A brochure for the Honda Civic Hybrid that Gaetano Paduano bought in June 2004 promised amazing fuel efficiency: an Environmental Protection Agency (EPA) estimate of up to 51 miles per gallon for the model with a manual transmission. “Just drive the Hybrid like you would a conventional car and save on fuel bills,” the brochure read. That’s what Paduano did–and for a year found himself back at the gas pump twice as often as he anticipated.
Paduano asked a dealership service employee what he could do to bring his fuel efficiency closer to the EPA estimates. The employee told him that compared to cars with conventional engines, hybrid efficiency is much more dependant on factors such as whether the windows are open or the air conditioner is on. The employee also said Paduano would have to significantly alter his driving habits–to the point that he would “create a driving hazard”–to near the EPA estimate. Feeling misled, Paduano tried to return the car, but Honda refused to buy it back.
Paduano sued Honda, alleging one federal and two state law causes of action for breach of warranty and two state law causes of action for deceptive advertising. The trial court granted Honda’s motion for summary judgment on the grounds the federal Energy Policy and Conservation Act pre-empted all of Paduano’s claims, while agreeing with the company’s assertion that Paduano’s allegations lacked substance.
On Jan. 12, the California Court of Appeal affirmed in a 2-1 decision the trial court’s judgment on the warranty claims in Paduano v. American Honda Motor Company because there was nothing defective about the car. But the appeals court reversed the decision on the deceptive advertising claims, holding they are not pre-empted by federal law and allowing a trial to proceed on that claim.
The case exemplifies the complications a company can encounter over “greenwashing,” or advertisements that exaggerate the environmental benefits of a product. It also adds fire to the discussion over the issue of federal pre-emption.
“Pre-emption is a very sexy, current topic,” says Saul Perloff, who heads Fulbright & Jaworski’s false advertising group. “If the doctrine of pre-emption is applied very broadly, many claims will simply go away, so it’s hugely important–very important for manufacturers, very important for consumers and very important for the courts.”
The brochure in question used fuel efficiency numbers Honda pulled from the vehicle’s Monroney Sticker, a federally mandated label on all new cars that lists mileage ratings from EPA tests. The label says Civic Hybrid models with a continuously variable transmission, such as the one Paduano bought, can get 47 miles per gallon for city driving and 48 miles per gallon for highway driving. The manual transmission model, highlighted in the brochure Paduano read, has a highway rating of 51 mpg. The sticker qualifies the estimates with the statement, “ACTUAL MILEAGE will vary with options, driving conditions, driving habits and vehicle[']s condition.”
Under the shield of the Monroney Sticker, Perloff says car companies can advertise the EPA numbers all they want, even if it’s impossible to achieve the mileage by driving normally. But because Honda’s brochure claimed you could get the mileage rating while driving the hybrid like a conventional car, the company went beyond the Monroney sticker’s protection, the appeals court found. As a result, California’s state false advertising laws pre-empted the federal mandate.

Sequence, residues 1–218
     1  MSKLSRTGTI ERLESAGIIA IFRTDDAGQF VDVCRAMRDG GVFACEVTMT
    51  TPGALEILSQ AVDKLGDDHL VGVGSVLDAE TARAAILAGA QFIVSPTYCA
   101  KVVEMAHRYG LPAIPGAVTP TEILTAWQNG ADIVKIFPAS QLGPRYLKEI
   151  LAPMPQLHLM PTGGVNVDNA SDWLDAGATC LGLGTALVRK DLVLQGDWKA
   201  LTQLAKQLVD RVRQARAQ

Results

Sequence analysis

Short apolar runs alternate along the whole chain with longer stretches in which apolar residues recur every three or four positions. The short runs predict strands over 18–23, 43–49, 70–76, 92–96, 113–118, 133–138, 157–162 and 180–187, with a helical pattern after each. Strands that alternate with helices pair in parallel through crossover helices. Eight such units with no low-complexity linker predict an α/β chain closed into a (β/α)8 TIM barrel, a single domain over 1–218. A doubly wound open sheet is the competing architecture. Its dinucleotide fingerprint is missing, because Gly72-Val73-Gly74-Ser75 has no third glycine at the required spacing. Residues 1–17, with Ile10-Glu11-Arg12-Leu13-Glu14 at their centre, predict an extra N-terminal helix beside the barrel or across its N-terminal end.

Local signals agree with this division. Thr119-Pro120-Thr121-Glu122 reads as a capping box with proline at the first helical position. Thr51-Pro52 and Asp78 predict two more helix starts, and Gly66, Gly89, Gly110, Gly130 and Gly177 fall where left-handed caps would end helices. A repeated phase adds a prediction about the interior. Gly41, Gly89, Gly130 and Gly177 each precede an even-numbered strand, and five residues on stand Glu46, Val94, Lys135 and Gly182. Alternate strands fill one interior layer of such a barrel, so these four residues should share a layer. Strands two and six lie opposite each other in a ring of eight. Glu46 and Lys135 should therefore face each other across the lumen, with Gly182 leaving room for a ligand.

The appeals court cited True v. America Honda Motor Co., a 2007 class action suit that challenged Honda’s advertising tactics for the Civic Hybrid. The class alleged Honda’s ads weakened the sticker’s disclaimer by saying fuel efficiency “may” vary rather than the more definitive statement on the sticker that mileage “will” vary.
“You could have a true statement, but it could be couched in such a way that reasonable consumers would look at it and feel they were being misled or deceived,” says Brooks Beard, a partner at Morrison Foerster.
Paduano’s lawyer, Michael Lindsey, says that’s exactly what happened.
“Mr. Paduano, when he bought this thing, sincerely said, ‘Oh great, I’m doing something green. I’m doing something economical. I’m doing something that will help the country reduce our dependency on foreign oil,’” he says. “He wound up totally at odds with his original purpose.”
Honda’s lawyer, Donald Falk, declined to comment.
Paduano’s argument could run into several stumbling blocks at trial over factors Justice Terry O’Rourke highlighted in his dissent. In his initial complaint, Paduano focused on the EPA estimate as the crux of his discontent. Since federal law pre-empts any claims over EPA ratings, on appeal Paduano switched tactics by attacking the language in the brochure. O’Rourke wrote that the marketing statements were related closely enough to the EPA ratings that they should be protected by the same federal statute.
“What could happen is that those statements are removed and Honda would simply modify their marketing materials to say, ‘Based upon the EPA standards and this federally mandated sticker, there’s the potential to get this gas mileage,’” Beard says.
O’Rourke called the brochure “non-actionable puffery” and determined a reasonable person wouldn’t purchase the Civic Hybrid based only on the statements in question.
With the burden of proof on Paduano, Perloff says the battle may be tough to win.
“He’s going to have to show that brochure is something that a significant number of potential buyers would actually look at and rely on, and that it would fool them,” he says.